N.S. facility for mentally disabled overcrowded when abuse occurred: report

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HALIFAX - Overcrowding at a Nova Scotia facility that cares for the mentally disabled created tension among its residents in the time that 22 cases of abuse were reported, a provincial government review has concluded.
Clothes dressers were jammed against beds in two-person rooms, forcing residents to drag them across the floor to open them, the review of the Riverview Residential Centre found.
In one unit in the 88-year-old building, 24 residents share four bathrooms.
"It was observed that bathroom areas on the units do not have doors but a curtain hanging in the doorway," said the 43-page report released Friday.
Such conditions in the facility, which houses 96 people, made residents upset, the report said.
"Frustration clients often feel as a result of the crowded conditions and lack of quiet, private space is quite apparent," it said.
The review, which was launched in the spring, makes 93 recommendations for improved management and better living conditions. A $22-million renovation is already underway that will create three separate group homes on the grounds and provide single rooms for residents in the main building.
Within the past three years, there have been 13 cases of residents abusing other residents and nine cases of staff-on-resident abuse, according to the Department of Community Services.
The abuse includes an instance where a staff member jammed a bar of soap into a resident's mouth in July 2009 and another incident last year when a staff member sprayed water on a female resident's head until she was gasping for air.
There were also several documented cases of male residents grabbing the breasts of female residents over the past two years, and one case of a male resident being grabbed in the crotch by another male resident while he was in the bathroom this May.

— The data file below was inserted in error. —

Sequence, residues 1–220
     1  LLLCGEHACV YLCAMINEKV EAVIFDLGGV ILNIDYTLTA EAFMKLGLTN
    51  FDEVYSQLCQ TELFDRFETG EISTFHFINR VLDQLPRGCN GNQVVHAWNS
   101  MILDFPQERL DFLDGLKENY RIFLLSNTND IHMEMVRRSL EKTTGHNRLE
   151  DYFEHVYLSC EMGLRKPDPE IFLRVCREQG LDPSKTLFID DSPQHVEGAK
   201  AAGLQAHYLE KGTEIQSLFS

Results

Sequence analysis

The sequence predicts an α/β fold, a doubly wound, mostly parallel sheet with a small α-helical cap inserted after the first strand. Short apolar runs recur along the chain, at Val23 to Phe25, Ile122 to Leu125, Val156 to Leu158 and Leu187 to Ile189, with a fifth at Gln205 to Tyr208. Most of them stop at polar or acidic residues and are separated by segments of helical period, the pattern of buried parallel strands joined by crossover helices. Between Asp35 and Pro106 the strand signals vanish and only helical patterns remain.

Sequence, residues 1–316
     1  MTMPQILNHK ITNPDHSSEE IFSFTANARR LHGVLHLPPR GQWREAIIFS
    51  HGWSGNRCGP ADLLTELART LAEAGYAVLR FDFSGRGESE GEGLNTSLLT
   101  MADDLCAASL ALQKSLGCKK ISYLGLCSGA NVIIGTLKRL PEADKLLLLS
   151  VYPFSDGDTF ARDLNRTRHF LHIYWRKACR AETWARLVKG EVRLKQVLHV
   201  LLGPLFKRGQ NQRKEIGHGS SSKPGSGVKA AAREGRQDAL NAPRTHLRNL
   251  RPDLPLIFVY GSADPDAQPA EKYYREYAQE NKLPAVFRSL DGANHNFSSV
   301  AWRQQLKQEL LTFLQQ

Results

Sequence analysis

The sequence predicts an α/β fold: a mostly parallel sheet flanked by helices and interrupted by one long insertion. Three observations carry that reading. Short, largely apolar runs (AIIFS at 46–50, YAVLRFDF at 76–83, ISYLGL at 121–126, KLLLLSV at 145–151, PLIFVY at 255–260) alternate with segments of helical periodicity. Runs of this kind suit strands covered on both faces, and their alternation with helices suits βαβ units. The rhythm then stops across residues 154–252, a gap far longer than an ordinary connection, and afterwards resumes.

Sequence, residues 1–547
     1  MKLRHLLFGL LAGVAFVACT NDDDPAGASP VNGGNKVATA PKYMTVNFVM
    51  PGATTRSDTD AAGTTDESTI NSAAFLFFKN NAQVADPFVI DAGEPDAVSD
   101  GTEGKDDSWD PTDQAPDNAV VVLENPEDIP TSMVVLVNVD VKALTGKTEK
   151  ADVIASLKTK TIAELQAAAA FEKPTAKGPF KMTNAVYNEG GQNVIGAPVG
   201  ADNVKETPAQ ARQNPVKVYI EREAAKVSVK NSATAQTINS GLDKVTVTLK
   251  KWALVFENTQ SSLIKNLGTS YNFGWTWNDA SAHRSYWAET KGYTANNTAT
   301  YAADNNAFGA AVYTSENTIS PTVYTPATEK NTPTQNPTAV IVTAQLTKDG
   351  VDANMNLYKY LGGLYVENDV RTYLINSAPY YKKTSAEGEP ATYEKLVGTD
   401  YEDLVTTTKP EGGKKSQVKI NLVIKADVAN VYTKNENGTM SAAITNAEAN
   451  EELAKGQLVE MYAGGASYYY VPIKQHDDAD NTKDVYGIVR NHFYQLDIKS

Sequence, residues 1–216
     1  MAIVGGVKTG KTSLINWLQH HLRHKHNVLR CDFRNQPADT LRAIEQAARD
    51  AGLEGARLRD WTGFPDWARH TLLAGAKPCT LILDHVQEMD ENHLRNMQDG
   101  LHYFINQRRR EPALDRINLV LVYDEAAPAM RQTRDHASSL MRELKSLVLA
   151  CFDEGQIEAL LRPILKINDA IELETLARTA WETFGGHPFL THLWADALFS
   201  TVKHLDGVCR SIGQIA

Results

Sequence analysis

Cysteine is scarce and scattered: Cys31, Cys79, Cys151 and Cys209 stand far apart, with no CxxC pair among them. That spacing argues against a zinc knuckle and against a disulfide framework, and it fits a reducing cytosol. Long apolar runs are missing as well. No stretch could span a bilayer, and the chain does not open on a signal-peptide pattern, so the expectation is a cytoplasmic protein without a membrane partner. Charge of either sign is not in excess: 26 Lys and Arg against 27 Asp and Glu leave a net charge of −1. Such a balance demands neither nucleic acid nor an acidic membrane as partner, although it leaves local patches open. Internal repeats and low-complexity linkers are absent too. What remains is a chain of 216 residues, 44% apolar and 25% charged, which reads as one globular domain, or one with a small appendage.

The examples are contained in documents that were obtained by The Canadian Press earlier this year.
Friday's report doesn't blame the abuse directly on the overcrowding. But it says it led to tensions.
"They (staff) consider these conditions as a significant factor in conflict between clients and the ongoing behavioural difficulties that many individual clients experience," said the report, adding that the rooms residents sleep in provide no privacy.
"These rooms in particular offer clients no privacy or sense of a place to spend quiet or alone time."
The report briefly dealt with the documented cases of abuse at the facility, noting it had the most in the province.
But it said the abuse was not systemic and that each case was reported and appropriate action was taken.
The report recommends that all staff undergo mandatory training to report abuse and that records be kept to ensure all of the staff attend.
Ken Johnson, the vice-chairman of the board of directors at Riverview, said the board will review the report's findings and devise a plan to address its recommendations.
"We're going to try to put an action plan in place," he said, declining further comment.
Mary Rothman, the director of the Nova Scotia Association of Community Living, said there is a link between overcrowded conditions at large centres and abuse.
"I think that people are living in crowded, crowded conditions and the staff are working in terrible, terrible conditions themselves," she said.
"The conditions sound like something you would have read about from a building in the 1800s."
Nova Scotia Community Services Minister Denise Peterson-Rafuse says the report will hasten the renovations needed at Riverview, and she believes it will help end cases of abuse.
"I feel this is a new beginning for Riverview. The renovations will make a huge difference," the NDP minister said.
"I'm going to request a report from the facility on a monthly basis ... I will be keeping a close eye on the whole process and how it flows."
But Manning MacDonald, the Liberal community services critic, said the province is moving too slowly in its efforts to phase out six other large adult residential centres and shifting residents into smaller homes in the community.
"The report highlights the difficulties at one particular home ... the problem is much bigger than that," he said.
Peterson-Rafuse said she will be requesting reports on the condition of the other facilities, but added that it is premature to say whether they are experiencing similar problems.
The report also said the oversight of expenditures at Riverview - which has run a deficit for the past six years - wasn't strong enough.

Organizations: Riverview Residential Centre, Canadian Press, Nova Scotia Association of Community Living Nova Scotia Community Services

Geographic location: Nova Scotia

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